Charles Schwab’s tips for novice investors

Charles R. Schwab, billionaire and legend in low-cost investing who managed to become a household name, has this advice to investors just starting out:

On what to read: “There was a guy by the name of Charles Schwab, actually—Charles M. Schwab. I read a lot about him and always hoped I was related, but I wasn’t. He worked for J.P. Morgan and then started Bethlehem Steel. I tried to read all the biographies of the famous men of the last 100 years or so; that gave me inspiration.

“One book that shows the craziness of the human mind is a classic: Extraordinary Popular Delusions and the Madness of Crowds (by Charles Mackay), and that was written in the 1840s.”

On investing while broke: “Just get started. That’s the most difficult thing: to pull the trigger to put the first hundred or thousand bucks in. Try to be disciplined. … Put money aside, and by the end of the month you’ll have an extra 25 bucks to put in the till.”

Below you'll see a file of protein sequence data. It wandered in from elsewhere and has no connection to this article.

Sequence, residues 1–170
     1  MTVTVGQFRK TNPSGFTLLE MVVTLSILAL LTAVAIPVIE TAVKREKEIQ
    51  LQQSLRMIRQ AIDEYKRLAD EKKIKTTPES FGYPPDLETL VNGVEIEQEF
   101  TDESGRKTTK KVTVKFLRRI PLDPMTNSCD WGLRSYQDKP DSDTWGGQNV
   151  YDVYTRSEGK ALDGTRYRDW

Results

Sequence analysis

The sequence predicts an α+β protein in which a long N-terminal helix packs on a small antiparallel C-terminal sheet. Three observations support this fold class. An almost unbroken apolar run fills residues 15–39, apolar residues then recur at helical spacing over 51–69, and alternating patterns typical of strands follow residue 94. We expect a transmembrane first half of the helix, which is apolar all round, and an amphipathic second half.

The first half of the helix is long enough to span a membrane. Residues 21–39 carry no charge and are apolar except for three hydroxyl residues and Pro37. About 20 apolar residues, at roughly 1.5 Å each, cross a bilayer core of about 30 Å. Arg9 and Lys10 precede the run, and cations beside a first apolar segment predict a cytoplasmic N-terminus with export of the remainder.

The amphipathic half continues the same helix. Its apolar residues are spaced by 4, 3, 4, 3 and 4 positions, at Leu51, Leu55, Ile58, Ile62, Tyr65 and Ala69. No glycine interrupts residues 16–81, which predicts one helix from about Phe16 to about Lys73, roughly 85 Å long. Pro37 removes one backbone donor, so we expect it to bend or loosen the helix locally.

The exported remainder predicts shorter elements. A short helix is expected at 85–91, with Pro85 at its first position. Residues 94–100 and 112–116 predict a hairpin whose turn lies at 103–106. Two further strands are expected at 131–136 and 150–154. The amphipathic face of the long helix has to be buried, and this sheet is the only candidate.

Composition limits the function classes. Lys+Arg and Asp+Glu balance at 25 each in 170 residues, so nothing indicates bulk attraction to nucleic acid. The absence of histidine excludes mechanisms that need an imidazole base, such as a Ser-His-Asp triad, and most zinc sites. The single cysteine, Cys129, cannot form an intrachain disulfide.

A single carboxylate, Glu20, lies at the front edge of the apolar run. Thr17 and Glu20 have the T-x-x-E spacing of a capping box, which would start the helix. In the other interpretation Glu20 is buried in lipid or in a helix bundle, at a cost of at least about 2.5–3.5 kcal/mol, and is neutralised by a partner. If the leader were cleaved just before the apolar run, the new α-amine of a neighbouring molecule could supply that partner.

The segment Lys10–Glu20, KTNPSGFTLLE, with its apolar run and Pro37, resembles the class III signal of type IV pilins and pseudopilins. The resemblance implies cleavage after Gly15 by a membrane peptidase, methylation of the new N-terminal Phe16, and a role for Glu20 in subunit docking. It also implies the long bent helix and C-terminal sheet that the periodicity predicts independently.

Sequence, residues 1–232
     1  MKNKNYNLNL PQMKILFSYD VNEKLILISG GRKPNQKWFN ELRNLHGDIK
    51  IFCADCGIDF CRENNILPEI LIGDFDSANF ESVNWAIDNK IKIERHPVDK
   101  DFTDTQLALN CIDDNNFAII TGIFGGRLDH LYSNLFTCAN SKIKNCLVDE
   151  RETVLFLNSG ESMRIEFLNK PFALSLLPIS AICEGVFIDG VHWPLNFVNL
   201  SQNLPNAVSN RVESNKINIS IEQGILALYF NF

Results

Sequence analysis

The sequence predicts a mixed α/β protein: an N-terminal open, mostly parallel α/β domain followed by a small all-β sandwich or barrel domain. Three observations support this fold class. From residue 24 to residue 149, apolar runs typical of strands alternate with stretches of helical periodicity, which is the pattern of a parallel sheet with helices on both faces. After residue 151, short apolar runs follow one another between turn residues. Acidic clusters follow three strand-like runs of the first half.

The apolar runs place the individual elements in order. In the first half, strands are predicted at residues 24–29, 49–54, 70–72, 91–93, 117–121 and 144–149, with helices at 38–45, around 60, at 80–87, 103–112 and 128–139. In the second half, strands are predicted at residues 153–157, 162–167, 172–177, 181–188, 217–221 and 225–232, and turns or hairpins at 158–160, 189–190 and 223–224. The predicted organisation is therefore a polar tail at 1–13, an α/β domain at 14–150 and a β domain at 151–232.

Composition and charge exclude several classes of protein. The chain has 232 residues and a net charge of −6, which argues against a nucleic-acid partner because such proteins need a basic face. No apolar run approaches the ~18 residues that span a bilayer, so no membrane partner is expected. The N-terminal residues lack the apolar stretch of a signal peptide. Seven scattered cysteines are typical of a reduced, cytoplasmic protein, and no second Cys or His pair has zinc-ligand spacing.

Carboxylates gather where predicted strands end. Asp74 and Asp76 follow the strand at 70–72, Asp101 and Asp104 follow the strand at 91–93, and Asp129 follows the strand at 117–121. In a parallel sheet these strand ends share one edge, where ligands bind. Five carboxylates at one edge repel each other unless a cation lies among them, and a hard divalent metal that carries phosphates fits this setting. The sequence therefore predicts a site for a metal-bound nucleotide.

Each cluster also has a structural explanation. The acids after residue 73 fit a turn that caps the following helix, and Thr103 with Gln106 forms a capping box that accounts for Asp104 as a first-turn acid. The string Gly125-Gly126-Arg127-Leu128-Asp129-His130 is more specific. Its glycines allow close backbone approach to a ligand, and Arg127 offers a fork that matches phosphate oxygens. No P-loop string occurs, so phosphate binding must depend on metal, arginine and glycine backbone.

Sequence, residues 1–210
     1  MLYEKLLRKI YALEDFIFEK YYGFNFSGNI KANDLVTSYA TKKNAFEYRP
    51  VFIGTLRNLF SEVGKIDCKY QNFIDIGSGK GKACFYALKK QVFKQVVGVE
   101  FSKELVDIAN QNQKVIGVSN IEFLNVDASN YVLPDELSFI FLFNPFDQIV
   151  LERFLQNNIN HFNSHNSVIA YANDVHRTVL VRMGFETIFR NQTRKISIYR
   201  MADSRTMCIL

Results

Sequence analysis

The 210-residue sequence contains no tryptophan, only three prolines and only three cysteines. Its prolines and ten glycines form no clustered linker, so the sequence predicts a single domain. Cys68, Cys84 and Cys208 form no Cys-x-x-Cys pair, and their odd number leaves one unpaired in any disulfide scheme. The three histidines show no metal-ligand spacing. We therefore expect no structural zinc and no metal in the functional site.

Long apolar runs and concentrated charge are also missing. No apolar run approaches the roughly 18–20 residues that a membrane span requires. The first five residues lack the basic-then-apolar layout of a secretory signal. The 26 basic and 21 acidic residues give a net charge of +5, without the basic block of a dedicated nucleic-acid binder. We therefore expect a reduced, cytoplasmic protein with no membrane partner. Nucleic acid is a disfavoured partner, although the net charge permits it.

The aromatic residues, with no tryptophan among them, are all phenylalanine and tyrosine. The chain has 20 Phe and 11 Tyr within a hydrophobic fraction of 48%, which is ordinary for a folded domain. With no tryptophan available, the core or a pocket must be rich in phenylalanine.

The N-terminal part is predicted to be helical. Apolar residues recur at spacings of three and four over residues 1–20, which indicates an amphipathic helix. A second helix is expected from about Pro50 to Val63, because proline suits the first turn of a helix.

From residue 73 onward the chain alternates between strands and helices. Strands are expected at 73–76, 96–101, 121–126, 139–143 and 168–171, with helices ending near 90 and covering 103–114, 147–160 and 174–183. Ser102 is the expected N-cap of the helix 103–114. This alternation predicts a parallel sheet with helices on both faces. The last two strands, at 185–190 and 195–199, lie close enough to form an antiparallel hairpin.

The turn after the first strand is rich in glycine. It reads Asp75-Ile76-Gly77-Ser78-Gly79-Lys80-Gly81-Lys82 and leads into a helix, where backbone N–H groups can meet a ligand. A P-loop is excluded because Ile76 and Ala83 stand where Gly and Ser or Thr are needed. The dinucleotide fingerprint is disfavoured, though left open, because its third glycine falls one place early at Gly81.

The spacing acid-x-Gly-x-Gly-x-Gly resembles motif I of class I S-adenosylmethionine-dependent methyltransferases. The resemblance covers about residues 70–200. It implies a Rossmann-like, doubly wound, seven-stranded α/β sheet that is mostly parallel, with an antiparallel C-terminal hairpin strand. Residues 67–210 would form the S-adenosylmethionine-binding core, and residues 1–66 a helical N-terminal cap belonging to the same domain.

Low inflation is insidious, he warns: “Even at 2%, every 10 years you lose 20% of the value of your money. How do you prevent that? Invest your money in equities to stay ahead of inflation.”

On where to invest: He recommends broad-based indices, a large-company index fund or the S&P 1000. “I’d buy two—one more global, one domestic, probably 50/50. I think the U.S. is going to grow reasonably well over the next 40 years, and some parts of the rest of the world will grow enormously.”

— Adapted from “LeaderBoard: Charles R. Schwab,” Forbes.